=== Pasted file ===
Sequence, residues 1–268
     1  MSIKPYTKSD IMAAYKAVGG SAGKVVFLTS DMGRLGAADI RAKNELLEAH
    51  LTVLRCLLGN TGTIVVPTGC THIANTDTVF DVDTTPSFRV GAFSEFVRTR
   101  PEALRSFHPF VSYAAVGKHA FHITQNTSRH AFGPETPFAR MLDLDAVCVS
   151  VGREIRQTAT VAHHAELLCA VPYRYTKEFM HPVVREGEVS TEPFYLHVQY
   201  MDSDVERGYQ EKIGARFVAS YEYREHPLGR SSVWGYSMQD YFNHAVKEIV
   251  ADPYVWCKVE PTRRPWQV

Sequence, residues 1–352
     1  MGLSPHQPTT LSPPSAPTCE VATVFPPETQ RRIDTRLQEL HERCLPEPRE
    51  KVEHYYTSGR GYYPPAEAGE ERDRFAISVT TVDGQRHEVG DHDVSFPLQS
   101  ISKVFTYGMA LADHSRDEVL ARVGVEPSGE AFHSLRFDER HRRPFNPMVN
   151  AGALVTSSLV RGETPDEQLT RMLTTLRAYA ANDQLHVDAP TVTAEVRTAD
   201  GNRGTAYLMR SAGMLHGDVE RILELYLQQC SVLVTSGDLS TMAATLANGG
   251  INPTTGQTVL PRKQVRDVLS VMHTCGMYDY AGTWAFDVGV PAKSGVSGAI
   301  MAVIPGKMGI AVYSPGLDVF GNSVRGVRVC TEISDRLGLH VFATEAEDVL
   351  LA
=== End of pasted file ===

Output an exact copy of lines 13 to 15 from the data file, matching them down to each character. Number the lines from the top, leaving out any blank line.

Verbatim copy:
   201  GNRGTAYLMR SAGMLHGDVE RILELYLQQC SVLVTSGDLS TMAATLANGG
   251  INPTTGQTVL PRKQVRDVLS VMHTCGMYDY AGTWAFDVGV PAKSGVSGAI
   301  MAVIPGKMGI AVYSPGLDVF GNSVRGVRVC TEISDRLGLH VFATEAEDVL